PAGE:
45 pages 1 hour read


Iphigenia in Aulis

Fiction | Play | Adult | Published in 410

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Character Analysis


Agamemnon is the king of the city of Mycenae and the most powerful of the Greek leaders assembled at Aulis. He is also the commander of the expedition against Troy. Agamemnon is the brother of Menelaus and the husband of Clytemnestra, who is the sister of Menelaus’ wife Helen.

In the play, Agamemnon must choose between his desire for glory and his love of his family. Though Agamemnon ultimately chooses to pursue glory, the choice is not an easy one for him to make. The play highlights the two sides of Agamemnon’s character. On the one hand, Agamemnon is power hungry and ambitious, longing desperately to lead the Greek army and win glory. This side of Agamemnon’s character is illustrated, for instance, by Menelaus’ almost comical description of the lengths to which Agamemnon was willing to go to secure command of the expedition against Troy:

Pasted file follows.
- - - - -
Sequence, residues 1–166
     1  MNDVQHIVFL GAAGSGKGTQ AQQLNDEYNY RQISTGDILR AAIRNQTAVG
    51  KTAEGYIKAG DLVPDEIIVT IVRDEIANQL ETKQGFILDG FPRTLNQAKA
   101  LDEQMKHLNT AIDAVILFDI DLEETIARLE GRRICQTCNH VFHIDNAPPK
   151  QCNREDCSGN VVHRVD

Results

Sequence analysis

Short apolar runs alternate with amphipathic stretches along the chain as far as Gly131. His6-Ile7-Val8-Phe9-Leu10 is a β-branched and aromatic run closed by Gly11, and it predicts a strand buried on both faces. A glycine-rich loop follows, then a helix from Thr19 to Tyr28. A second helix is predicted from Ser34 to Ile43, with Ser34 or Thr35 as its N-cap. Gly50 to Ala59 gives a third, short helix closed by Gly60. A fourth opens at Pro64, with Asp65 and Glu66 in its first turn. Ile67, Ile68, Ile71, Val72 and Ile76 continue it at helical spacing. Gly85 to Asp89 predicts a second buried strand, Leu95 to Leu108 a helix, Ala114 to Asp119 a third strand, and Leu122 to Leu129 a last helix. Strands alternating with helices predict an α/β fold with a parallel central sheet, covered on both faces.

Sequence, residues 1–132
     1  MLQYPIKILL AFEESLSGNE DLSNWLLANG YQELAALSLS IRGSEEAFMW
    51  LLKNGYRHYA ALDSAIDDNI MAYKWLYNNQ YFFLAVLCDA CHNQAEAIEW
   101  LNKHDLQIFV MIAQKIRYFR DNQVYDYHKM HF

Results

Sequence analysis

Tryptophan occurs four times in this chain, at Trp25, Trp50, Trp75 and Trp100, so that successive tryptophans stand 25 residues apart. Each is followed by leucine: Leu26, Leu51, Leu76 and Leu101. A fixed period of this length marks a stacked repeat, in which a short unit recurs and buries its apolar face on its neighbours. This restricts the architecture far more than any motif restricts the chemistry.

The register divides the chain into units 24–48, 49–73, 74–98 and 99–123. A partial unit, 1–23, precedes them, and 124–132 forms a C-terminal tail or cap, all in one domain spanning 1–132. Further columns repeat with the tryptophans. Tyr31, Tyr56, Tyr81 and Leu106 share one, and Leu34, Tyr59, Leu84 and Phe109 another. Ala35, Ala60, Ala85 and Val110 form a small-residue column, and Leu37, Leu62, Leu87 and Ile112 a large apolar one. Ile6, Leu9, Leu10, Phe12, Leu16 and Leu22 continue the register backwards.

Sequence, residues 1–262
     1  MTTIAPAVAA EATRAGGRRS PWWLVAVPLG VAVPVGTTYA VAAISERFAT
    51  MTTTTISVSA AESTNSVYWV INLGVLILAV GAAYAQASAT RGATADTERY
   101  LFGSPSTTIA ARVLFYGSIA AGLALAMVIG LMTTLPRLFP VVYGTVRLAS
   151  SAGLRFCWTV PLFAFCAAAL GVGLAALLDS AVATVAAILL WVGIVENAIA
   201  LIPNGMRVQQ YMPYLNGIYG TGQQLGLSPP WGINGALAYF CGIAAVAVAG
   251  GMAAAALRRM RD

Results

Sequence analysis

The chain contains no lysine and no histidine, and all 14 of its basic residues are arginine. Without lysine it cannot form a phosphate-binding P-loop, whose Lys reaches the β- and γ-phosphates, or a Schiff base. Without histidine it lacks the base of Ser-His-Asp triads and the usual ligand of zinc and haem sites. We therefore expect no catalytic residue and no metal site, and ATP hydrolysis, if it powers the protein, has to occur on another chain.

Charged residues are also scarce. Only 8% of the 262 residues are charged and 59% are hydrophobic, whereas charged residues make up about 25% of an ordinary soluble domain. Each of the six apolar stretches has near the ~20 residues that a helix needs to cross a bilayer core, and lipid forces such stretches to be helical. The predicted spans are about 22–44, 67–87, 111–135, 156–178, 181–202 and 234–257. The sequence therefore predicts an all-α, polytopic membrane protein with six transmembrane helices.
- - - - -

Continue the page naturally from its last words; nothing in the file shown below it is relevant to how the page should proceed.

Have you forgotten when you were eager
And anxious to lead the Greek army to Troy,
Wanting to appear unambitious but in your heart
Eager for command? Do you remember how humble
You were to all the people, grasping the hand,
Keeping open the doors of your house, yes,
Open to all, granting to every man, even the lowly,
The right to address and to hail you by name? (Lines 337-42)